This photo clearly shows the correspondence between the plant growth stage and timing of the hail damage and ultimately yield loss. Jeff Mathesius, Pioneer agronomy research manager, provides estimated yield losses based on the timing of the hail and corn growth stage.
V5: When hail occurs at this growth stage, it's early enough in the season that the growing point is still protected below ground, resulting in little, if any yield loss.
V8: When hail damage was simulated at this stage about 75 percent defoliation occurred. Much of the growing season remains at this point and because the growing point was not damaged and many new leaves are still emerging, yield loss was estimated at about 6 percent.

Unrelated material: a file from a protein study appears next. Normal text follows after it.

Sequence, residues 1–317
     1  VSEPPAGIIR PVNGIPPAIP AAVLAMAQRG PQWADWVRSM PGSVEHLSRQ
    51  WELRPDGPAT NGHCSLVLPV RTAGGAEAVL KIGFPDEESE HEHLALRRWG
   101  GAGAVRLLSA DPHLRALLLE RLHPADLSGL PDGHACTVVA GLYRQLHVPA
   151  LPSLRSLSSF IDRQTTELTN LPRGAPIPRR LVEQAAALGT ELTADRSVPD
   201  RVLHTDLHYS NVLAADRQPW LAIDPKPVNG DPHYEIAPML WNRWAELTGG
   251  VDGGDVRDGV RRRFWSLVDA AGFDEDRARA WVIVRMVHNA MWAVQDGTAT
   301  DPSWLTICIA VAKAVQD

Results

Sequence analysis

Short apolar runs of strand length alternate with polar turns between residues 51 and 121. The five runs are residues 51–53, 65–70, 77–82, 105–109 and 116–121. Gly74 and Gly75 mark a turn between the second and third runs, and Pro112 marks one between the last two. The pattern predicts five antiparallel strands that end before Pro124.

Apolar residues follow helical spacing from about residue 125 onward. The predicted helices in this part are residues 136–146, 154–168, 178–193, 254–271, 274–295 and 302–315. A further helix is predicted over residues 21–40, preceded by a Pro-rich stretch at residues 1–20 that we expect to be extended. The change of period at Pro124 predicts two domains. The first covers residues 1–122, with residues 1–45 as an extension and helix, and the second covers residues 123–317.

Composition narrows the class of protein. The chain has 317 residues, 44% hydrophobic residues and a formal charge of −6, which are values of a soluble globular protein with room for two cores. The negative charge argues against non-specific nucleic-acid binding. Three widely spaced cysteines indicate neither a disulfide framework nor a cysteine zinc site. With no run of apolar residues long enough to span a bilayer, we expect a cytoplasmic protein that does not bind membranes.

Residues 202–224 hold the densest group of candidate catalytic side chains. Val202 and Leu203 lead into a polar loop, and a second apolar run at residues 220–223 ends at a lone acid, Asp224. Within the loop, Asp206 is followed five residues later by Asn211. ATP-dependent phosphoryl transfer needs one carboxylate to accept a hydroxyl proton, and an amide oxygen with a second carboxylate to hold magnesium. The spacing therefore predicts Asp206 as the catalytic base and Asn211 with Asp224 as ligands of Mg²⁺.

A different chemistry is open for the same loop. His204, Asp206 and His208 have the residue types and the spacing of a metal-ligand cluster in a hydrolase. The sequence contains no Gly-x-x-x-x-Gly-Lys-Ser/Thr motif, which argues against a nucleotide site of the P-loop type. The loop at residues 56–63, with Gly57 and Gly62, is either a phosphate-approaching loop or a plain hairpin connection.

VT: At the VT stage tassels are emerging and if the tassel is destroyed, yield potential can be severely limited. There is also the potential for hail to strike the developing ears at this stage and destroy ovules. At this stage, Pioneer imposed about 90 percent defoliation and also destroyed a number of tassels in the process. Pioneer agronomists estimated there would be about 80 percent loss in yield in this demonstrated scenario.
Estimating Yield Loss from Defoliation
Mathesius notes that hail damage also can potentially cause bruising on stalks at any stage, which can lead to a higher incidence of disease and pest damage as the season progresses and in turn result in additional yield losses.
Use this information as a guide and it should not be the only factor in making decisions.